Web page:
The selkie-lass she came abeach, as the sun shone fine and bright. She spent the hours, such joy in each, until she spent the night.
And come the morn her voice did crack; “I must, my love, away.” Her beau held up a burlap sack; “I think, rather, you’ll stay.”
“I stole, you see, your selkie skin as you came from the sea. Forget your kelpy halls, your kin. Think only now of me.”
The selkie’s eyes did brim with tears, salt water now that burned. She looked away, the man drew near, with hands outstretched she turned…
She clutched the sack and, with a rip, she tore it from his hands. And, spinning lightly on her hip, she fled from the dry land.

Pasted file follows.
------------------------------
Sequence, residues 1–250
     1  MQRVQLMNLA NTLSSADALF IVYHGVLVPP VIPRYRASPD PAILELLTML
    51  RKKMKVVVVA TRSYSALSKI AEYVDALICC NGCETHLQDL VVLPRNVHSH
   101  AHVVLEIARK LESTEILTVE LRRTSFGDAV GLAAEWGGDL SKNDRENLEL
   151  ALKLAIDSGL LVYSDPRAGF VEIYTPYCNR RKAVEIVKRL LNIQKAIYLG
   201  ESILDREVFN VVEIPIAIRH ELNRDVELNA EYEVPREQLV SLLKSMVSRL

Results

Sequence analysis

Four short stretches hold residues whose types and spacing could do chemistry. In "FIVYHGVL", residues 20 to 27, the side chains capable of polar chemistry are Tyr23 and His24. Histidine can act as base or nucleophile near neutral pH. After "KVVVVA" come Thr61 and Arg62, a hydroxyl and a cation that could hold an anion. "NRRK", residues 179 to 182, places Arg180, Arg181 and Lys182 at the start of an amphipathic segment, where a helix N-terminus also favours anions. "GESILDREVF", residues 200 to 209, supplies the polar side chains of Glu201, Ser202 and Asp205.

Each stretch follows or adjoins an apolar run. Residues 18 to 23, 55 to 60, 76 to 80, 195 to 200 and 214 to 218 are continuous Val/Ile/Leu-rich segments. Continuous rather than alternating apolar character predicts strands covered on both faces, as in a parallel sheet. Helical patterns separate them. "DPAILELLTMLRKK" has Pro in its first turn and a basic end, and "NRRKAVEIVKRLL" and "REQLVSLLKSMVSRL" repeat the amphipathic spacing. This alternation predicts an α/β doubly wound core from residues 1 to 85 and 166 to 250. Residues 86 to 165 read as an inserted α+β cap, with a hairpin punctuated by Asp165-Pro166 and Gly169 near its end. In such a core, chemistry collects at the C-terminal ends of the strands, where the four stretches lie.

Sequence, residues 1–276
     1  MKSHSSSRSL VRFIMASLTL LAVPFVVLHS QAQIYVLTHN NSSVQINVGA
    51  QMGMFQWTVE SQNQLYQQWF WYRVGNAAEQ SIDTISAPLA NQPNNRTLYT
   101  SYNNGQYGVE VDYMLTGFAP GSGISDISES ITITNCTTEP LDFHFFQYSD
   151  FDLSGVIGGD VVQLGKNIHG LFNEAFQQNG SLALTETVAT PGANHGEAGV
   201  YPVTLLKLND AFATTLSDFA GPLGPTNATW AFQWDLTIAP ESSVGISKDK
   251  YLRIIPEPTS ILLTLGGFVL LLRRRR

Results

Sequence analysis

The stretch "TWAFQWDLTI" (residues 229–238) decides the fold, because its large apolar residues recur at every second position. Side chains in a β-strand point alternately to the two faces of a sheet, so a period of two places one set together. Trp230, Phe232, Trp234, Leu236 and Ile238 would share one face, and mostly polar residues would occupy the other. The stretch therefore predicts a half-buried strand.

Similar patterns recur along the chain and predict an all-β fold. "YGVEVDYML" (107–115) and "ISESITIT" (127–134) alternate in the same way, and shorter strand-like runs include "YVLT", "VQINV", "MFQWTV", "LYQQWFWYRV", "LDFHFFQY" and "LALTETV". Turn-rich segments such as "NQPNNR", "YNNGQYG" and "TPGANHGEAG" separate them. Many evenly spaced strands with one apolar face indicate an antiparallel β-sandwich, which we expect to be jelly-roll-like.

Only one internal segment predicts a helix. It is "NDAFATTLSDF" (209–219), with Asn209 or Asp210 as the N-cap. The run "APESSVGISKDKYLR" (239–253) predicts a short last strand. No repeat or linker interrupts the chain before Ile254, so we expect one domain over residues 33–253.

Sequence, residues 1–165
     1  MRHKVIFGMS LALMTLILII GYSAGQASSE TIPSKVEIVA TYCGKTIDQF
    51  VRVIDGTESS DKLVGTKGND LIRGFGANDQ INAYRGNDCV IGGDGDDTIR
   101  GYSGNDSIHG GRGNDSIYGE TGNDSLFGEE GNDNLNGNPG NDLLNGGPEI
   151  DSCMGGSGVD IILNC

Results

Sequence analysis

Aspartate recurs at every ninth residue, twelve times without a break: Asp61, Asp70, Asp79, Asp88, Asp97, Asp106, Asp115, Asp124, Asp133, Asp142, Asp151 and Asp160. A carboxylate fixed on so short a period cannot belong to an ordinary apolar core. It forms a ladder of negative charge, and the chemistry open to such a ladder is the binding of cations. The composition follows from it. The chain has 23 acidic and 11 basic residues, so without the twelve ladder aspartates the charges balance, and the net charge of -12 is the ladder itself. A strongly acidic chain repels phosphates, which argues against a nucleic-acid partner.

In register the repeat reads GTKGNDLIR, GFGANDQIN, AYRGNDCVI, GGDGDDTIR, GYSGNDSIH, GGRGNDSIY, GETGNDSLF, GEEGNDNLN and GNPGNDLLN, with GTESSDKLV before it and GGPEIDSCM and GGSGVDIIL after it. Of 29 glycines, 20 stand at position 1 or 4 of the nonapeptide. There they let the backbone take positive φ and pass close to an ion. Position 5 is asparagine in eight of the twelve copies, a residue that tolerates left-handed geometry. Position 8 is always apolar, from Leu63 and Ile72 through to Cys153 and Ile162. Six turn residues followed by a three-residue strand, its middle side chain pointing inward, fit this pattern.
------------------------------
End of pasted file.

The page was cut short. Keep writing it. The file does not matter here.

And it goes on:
Selkie-smooth and selkie-quick she leapt into the waves. Ah, the lass had sore been tricked! A wretched howl she gave!
The brute reached round behind his back and from the shade he pulled; a thing obscene, its fur death-slack and gleaming eyes all dulled.
“I kept a memory of your grace, for me to gaze upon. How will you fare without your face? No lovers more, oh no not one…”
The selkie-lass she comes abeach, as the moon shines fine and bright. And if you glimpse her face – bone, bleached – with you she’ll spend the night.
Image and inspiration by Danny McMonagle